Peyers patches (PP) have characteristics distinguishing them from both central and peripheral lymphoid tissues. In contrast to central lymphoid tissue, PP are antigen dependent for their development. They contain T as well as B cells and the mitotic rate of their cells is too low for them to be a major source of peripheral B cells during ontogeny. Nevertheless, PP also differ from typical peripheral lymphoid tissues in several respects: PP are adjacent to specialized portions of intestinal epithelium; they contain few plasma cells; they do not make antibody in vivo unless antigen is introduced directly into their parenchyma; and they are comparatively rich, in common with other gut associated lymphoid tissues, in lymphoid cells bearing surface IgA. Immunoglobulins produced by PP cells are of interest because of these unusual characteristics and because of the proposed role of the PP as a major source of precursors of IgA secreting plasma cells. PP are of additional interest because, by immunofluorescence, a large disparity exists between the frequency of PP cells bearing surface or intracellular light (L) chain and the sum of frequencies of cell bearing μ-, γ-, and α-chains. Recently the authors reported that an IgD like molecule (IGD) is the predominant cell surface Ig in lymph nodes and spleen of adult mice. They therefore examined PP cells to see whether the surface and intracellular heavy (H) chain deficits could be accounted for by the presence of the putative δ chain.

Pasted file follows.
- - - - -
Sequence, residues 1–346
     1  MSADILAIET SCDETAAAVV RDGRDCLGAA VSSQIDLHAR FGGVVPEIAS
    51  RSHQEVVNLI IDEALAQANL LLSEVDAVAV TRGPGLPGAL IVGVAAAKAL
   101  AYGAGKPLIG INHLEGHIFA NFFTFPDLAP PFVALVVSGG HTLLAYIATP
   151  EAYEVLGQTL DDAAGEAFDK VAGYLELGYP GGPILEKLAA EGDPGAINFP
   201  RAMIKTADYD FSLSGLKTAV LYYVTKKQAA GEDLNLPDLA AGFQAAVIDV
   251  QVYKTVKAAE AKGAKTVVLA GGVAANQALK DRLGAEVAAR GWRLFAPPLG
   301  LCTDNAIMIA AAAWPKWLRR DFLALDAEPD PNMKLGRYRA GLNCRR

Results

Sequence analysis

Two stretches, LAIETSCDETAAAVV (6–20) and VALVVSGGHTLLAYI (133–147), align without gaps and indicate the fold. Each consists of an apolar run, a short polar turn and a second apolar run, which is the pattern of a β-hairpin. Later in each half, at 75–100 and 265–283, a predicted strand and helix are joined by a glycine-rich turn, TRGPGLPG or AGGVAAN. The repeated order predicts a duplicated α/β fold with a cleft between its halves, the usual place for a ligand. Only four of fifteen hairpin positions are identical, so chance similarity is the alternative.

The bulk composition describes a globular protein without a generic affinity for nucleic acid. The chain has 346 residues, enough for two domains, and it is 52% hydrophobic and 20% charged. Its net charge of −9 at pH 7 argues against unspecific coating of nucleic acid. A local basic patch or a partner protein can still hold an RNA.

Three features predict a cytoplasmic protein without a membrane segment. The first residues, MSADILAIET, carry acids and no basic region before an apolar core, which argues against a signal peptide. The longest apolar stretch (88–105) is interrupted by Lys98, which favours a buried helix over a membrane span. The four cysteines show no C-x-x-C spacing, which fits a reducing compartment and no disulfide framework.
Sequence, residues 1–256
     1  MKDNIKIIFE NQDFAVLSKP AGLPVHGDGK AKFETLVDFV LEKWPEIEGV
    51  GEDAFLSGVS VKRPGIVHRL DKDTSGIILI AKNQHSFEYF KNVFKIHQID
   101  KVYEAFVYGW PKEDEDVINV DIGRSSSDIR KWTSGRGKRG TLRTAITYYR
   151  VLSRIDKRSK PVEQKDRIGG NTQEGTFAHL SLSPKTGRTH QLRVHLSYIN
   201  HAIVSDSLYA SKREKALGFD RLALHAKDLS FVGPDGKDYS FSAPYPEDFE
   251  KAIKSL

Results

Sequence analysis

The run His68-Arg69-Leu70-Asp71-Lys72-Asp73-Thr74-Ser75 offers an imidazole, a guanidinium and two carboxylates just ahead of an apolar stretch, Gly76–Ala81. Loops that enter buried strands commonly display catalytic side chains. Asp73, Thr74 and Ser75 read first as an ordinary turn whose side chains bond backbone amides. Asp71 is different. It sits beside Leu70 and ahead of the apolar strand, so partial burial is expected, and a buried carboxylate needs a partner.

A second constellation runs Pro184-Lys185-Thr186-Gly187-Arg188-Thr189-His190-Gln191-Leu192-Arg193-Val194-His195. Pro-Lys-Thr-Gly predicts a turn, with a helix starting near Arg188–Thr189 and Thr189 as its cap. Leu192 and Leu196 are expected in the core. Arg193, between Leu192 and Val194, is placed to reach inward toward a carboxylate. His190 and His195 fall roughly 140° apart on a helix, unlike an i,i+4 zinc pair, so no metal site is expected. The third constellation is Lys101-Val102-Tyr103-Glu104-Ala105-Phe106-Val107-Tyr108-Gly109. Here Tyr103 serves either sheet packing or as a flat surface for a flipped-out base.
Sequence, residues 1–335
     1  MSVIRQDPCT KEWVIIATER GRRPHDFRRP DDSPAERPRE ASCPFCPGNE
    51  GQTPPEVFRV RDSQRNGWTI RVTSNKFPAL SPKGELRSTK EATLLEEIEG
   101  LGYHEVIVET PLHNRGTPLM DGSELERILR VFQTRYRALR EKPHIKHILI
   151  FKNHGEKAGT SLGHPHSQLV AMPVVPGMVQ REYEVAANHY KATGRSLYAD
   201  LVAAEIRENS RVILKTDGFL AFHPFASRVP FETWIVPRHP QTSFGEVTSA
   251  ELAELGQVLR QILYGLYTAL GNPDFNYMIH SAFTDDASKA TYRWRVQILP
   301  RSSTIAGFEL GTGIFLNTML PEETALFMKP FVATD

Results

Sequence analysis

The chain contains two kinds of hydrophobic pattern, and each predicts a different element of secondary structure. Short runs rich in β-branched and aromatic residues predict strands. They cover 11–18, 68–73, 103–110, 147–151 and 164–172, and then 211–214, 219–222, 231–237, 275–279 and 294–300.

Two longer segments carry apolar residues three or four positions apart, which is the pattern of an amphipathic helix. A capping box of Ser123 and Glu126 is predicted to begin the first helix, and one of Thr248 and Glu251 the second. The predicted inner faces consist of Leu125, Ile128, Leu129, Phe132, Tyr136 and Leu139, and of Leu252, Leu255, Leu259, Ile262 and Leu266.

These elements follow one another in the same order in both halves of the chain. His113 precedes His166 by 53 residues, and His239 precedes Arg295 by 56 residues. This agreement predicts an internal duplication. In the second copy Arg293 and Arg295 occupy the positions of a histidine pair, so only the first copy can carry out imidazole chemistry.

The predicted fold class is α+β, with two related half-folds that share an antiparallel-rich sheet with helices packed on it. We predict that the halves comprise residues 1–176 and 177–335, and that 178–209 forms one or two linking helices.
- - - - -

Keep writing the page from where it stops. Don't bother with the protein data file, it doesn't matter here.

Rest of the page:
|Original language||English (US)|
|Number of pages||3|
|Journal||Journal of Immunology|
|State||Published - Dec 1 1975|
ASJC Scopus subject areas
- Immunology and Allergy